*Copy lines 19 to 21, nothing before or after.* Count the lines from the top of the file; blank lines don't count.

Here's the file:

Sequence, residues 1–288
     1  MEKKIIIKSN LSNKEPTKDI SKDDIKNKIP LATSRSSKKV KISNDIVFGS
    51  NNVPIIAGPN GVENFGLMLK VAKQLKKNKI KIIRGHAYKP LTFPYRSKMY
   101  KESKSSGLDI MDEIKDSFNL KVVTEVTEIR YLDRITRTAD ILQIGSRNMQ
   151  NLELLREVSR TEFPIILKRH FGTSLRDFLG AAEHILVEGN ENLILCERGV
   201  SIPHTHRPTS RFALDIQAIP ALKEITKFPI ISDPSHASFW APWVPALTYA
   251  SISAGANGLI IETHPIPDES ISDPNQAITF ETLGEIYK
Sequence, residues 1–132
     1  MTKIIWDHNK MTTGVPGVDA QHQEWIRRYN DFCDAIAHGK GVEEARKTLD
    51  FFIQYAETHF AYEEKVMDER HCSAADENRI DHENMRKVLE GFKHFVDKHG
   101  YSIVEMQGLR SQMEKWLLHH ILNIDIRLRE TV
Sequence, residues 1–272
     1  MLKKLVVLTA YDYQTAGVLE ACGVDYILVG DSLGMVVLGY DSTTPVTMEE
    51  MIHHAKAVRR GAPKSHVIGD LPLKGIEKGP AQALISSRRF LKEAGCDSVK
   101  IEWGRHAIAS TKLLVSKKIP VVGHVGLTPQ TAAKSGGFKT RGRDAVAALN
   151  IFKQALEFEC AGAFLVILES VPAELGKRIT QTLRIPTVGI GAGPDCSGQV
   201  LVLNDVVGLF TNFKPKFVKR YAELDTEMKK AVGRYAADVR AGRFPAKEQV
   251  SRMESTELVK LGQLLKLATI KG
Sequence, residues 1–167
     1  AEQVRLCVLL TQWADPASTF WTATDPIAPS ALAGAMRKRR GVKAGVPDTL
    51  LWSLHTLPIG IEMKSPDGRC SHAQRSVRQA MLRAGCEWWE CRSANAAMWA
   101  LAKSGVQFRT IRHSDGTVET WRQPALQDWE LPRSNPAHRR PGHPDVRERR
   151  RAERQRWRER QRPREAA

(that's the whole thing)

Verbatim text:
Sequence, residues 1–167
     1  AEQVRLCVLL TQWADPASTF WTATDPIAPS ALAGAMRKRR GVKAGVPDTL
    51  LWSLHTLPIG IEMKSPDGRC SHAQRSVRQA MLRAGCEWWE CRSANAAMWA